A few years ago, I took a trip out to the Pacific Northwest, a part of the country I had never visited before. I stayed with college friends in Portland and Seattle then bunked up in a hostel in Vancouver. On my trips between the cities, I took the train.
A lot of us have romantic attraction to the train as a mode of transportation. I recall waiting at old train stations and hearing the announcements for boarding the train. I even remember riding on the train and the conductor making a wry joke, dryly deeming every town we passed through “The Jewel of the Pacific Northwest.”
Today, Ohio has a chance to substantially expand its passenger rail service. Currently, the only rail that goes through Ohio is a Lake Erie route that passes from Chicagoland into Toledo, through Cleveland, then out to Buffalo and Pittsburgh and a Cincinnati line that goes out to Indianapolis to the West and through West Virginia in the East. Columbus has no passenger rail.
Part of the federal infrastructure bill is $100 million in rail investment to build lines between Cincinnati, Dayton, Columbus and Cleveland. In order to get the money and the lines, though, the Ohio state government needs to agree with the feds to start splitting the operating costs with the federal government five years after the lines are in, which would cost the state about $9-$10 million a year. This would be an about-face from past policy, when Governor John Kasich a decade ago turned down a deal for a high-speed rail line to connect Cincinnati, Cleveland and Columbus.
I don’t want to diminish $10 million: you can do a lot with $10 million. But it’s worth noting that Ohio already does a lot with $10 million. The current FY 2022 budget for the state of Ohio has over 300 line items that total $10 million or more, ranging from grants for sports events to cultural facilities lease rental bond payments to the “meat processing investment program.” Overall, a $10 million operating expense would amount to one hundredth of a percentage point of the total state operating budget this year.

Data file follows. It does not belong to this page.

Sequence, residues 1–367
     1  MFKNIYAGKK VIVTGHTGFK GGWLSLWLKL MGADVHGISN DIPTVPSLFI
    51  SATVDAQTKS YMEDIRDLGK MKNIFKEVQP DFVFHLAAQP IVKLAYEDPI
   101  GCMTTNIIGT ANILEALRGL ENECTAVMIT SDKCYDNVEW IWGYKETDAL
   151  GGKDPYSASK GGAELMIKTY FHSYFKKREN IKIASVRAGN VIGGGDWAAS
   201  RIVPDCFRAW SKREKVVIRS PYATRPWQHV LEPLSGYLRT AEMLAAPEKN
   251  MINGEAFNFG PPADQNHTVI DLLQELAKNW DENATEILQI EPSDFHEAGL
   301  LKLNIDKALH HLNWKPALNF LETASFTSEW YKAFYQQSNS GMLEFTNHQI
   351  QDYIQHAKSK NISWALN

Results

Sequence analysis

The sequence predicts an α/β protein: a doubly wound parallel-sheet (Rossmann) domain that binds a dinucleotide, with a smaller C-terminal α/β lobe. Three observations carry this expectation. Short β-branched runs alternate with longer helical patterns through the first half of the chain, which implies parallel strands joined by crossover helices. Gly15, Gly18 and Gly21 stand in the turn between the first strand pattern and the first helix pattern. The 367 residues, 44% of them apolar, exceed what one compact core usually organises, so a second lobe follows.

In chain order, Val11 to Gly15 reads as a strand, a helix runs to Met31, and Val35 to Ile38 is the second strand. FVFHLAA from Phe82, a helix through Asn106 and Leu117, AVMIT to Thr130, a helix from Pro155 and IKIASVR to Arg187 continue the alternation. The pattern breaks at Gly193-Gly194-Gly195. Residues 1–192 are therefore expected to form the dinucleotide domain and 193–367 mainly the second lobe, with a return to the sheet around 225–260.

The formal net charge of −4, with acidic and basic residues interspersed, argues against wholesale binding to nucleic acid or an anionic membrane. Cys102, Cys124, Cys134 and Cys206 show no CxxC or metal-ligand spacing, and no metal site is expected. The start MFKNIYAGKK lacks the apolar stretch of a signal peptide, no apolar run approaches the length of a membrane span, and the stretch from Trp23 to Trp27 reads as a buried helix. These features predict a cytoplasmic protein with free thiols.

Another way to think about this is in the context of the massive Intel deal. The most recent reports suggest that the scope of state spending on the project puts incentives in the $2 billion range. This means that the cost of expanding Amtrak in Ohio would take over 200 years to catch up with the one-year cost of the Intel deal.
Intel purportedly will have a large impact on the state economy. But we also know that state incentives are only a fraction of the decision making criteria for a big company location like this and that somewhere from 75% to 98% of firms would decide to make location decisions without incentives at all. This stands in contrast to the clear decision the state has currently to spend $10 million a year or pass on expanded passenger rail.
I don’t know the total economic benefits of the Amtrak deal in Ohio. What I do know is that if the state is seeing its spending as a diversified investment pool for encouraging economic growth, reducing poverty and inequality, and improving lives, then expanded passenger rail seems like a prudent asset to add to its portfolio.
Rob Moore is the principal for Scioto Analysis, a public policy analysis firm based in Columbus.
This commentary originally was published by the Ohio Capital Journal and is republished here with permission.
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